THE FORGOTTEN DIMAGGIO
"Where have you gone, Joe DiMaggio?
A nation turns its lonely eyes to you.
What's that you say, Mrs. Robinson?
Joltin' Joe has left and gone away…"
Lyrics by Paul Simon
The great Yankee outfielder had long been enshrined in the pantheon of American icons by the time Simon and Garfunkle hit the charts with the song, "Mrs. Robinson" in the late 1960s. His career was the stuff of legends. It overshadowed the legacy of brother Dom, who starred for the Boston Red Sox for eleven seasons and almost completely obscured any memories of another brother who played in the major leagues.
Vincent Paul DiMaggio was actually discovered by scouts before Joe and Dom. After logging five years in the minors, where he hit well over .300 and slugged a few homeruns, Vince was traded before the 1937 season to the Boston Bees.
The forgotten-DiMaggio made his major league debut in April 1937. For the next two seasons, he averaged 141 games in the outfield and stroked 27 homeruns playing half-the-time in spacious Braves Field. He also struck out 245 times but sparkled in the field, finishing second in the National League in putouts both years. Possessor of a rifle arm, he topped the league with 21 assists in '37 and again in '38 with 19.
The Bees traded DiMaggio to the Yankees (!) after the 1938 campaign. For a few months, he and Joe were members of the Yankee family but Vince was assigned to the club's Kansas City Farm team where he played for most of the 1939 season.
The Bombers were loaded with talent, so despite Vince's potential, they dealt him to the Reds in August of '39. Cincy used DiMaggio sparingly and turned-around and traded the outfielder to the Pirates in May 1940 for Johnny Rizzo.
In Pittsburgh, Vince DiMaggio blossomed. Over the last five months of the '40 season, DiMaggio hit .289 and belted 19 home runs, playing home games in another spacious park, Forbes Field.
In 1941, Vince hammered 21 homeruns and plated 100. No one was paying a lot of attention because that was the year that brother Joe captured the nation's attention with his 56 game hitting streak.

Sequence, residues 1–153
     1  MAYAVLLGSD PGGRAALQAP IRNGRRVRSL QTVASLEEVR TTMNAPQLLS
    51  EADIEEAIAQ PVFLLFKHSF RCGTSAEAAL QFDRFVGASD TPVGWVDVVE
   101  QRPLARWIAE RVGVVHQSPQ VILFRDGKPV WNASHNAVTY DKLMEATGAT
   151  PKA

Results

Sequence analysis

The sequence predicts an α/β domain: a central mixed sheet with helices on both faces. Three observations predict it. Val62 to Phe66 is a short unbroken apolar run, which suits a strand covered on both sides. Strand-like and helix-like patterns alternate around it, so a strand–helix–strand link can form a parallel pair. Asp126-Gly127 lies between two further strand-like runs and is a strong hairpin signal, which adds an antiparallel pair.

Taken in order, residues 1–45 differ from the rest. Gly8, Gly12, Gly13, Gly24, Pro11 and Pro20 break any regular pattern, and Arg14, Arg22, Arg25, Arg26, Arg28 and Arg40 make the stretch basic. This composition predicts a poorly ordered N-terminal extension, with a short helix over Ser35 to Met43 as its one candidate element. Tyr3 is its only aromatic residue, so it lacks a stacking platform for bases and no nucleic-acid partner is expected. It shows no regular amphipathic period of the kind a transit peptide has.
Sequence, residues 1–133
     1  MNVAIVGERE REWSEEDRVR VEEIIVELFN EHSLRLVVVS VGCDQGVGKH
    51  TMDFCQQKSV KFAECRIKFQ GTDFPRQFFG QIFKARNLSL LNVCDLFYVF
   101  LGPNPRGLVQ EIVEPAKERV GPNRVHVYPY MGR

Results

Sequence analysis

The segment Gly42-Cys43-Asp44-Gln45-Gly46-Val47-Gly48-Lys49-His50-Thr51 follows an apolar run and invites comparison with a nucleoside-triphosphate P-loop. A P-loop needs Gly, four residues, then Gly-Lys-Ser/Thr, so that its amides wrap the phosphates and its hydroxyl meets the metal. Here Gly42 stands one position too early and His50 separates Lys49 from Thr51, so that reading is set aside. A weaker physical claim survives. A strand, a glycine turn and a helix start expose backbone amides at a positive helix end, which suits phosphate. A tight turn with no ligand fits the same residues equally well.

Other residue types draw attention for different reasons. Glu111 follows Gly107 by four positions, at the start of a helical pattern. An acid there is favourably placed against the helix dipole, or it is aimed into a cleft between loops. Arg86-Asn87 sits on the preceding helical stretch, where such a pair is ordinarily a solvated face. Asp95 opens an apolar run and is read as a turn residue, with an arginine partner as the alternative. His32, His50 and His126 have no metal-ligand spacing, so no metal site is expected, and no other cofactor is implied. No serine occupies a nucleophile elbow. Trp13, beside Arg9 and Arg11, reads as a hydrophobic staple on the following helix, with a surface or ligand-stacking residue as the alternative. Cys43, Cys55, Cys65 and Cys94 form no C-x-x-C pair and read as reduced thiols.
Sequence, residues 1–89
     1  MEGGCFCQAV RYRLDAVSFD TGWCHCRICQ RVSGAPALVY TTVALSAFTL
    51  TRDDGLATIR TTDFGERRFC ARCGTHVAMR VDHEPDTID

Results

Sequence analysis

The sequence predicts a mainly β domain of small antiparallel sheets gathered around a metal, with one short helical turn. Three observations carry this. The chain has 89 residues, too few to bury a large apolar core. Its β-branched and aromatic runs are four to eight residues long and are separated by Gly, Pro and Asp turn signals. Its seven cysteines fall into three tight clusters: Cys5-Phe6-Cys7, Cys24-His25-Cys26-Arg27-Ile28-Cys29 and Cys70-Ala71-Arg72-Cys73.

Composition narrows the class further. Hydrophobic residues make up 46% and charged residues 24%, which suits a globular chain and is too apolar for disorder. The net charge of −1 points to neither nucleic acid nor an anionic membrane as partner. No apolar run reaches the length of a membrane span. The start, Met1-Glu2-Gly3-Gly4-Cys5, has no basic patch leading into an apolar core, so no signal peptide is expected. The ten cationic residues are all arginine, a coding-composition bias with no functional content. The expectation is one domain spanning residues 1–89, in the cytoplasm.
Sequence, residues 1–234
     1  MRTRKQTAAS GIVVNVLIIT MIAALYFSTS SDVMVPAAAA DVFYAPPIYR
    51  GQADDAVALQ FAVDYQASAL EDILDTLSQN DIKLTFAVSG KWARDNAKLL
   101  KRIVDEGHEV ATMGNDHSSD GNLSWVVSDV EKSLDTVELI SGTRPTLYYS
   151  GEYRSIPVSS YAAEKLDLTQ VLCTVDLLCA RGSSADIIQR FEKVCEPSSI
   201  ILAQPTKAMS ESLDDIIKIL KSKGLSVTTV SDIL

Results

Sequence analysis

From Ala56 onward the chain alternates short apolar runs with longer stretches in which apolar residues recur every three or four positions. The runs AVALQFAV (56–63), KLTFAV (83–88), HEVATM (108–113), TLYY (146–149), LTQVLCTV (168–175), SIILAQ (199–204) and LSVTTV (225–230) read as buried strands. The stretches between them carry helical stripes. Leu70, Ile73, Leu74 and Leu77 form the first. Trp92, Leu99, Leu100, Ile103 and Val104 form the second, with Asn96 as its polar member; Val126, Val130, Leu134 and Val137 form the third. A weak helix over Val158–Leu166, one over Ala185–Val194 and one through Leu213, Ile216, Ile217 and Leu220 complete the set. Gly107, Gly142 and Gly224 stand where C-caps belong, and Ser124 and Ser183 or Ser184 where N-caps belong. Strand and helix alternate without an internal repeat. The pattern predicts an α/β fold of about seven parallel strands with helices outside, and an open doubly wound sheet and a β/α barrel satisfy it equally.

By 1942, many front-line major leaguers were in the armed forces as World War II raged. DiMaggio continued to play but served the war effort by working in the off-season at the California Ship Building Corporation. During the war, to conserve badly-needed cork and rubber, baseball switched to Balata-cored balls. The centers made of the milky juices of tropical trees weren't nearly as lively and home run totals plummeted.
In both 1942 and ‘43, Vince DiMaggio managed to drill 15 home runs, not bad numbers for this mini "dead-ball" era. As a National League All-Star in '43, the oldest DiMaggio stroked three hits, including a 9th inning home run.
Nagging injuries limited DiMaggio's playing time in 1944 although he was selected to the All-Star team again.
Vince trained with the Pirates in the spring of 1945 but just before opening day, the Bucs dealt the aging outfielder to the Phillies for pitcher Al Gerheauser. The 33-year-old DiMaggio wasn't thrilled about being traded to one of the worst franchises in baseball but used it as an opportunity to prove he still had a little bit of gas in his tank.
In 127 games for Philly, Vince knocked-in 84 runs on 19 home runs. He continued to play well in the field, making just two errors and compiling 16 assists.
It would be the "last-hurrah" in the majors for the least-known DiMaggio. He wrapped-up his big league playing days in 1946, playing a total of 21 games for the Phillies and the Giants. Many of the front-line players were back from the war, most of them younger and a bit faster, and DiMaggio's services were no longer needed.
Vince wasn't through with baseball, however. Back during a time when minor league teams weren't merely branch offices for big league teams, DiMaggio played in the Far West League from 1948-50. His stroke was gone (.230 over three seasons) but remarkably enough, he pitched in 45 games for Class D Eugene in 1950, winning 14. He must have received a lot of offensive help from his fellow Larks, as DiMaggio's earned-run-average was quite high (5.81), allowing 245 hits in 209 innings.
DiMaggio hung-up the spikes after the 1950 season. His famous brother Joe called it a career in 1951 after hitting just .263 in an injury-plagued season. The youngest DiMaggio, Dom, patrolled the Red Sox outfield until 1953.
After his retirement, Joe stayed in the spotlight over the next couple of decades. A genuine celebrity, his life was followed closely by the media. Several books and countless articles were written about the man whom many believe was the greatest baseball player of all-time.
After his retirement, Vince disappeared from the scene. A quiet and religious man, the forgotten DiMaggio preferred his obscurity and never resented the accolades bestowed upon Joe (and to a lesser extent, Dom). He knew his brothers were better baseball players and was proud of their accomplishments.
But he had a lot to be proud of, too.
He was a fine baseball player and from all accounts, a good and decent man.
A Baseball Almanac exclusive written by Yahoo! contributor Chris Williams.
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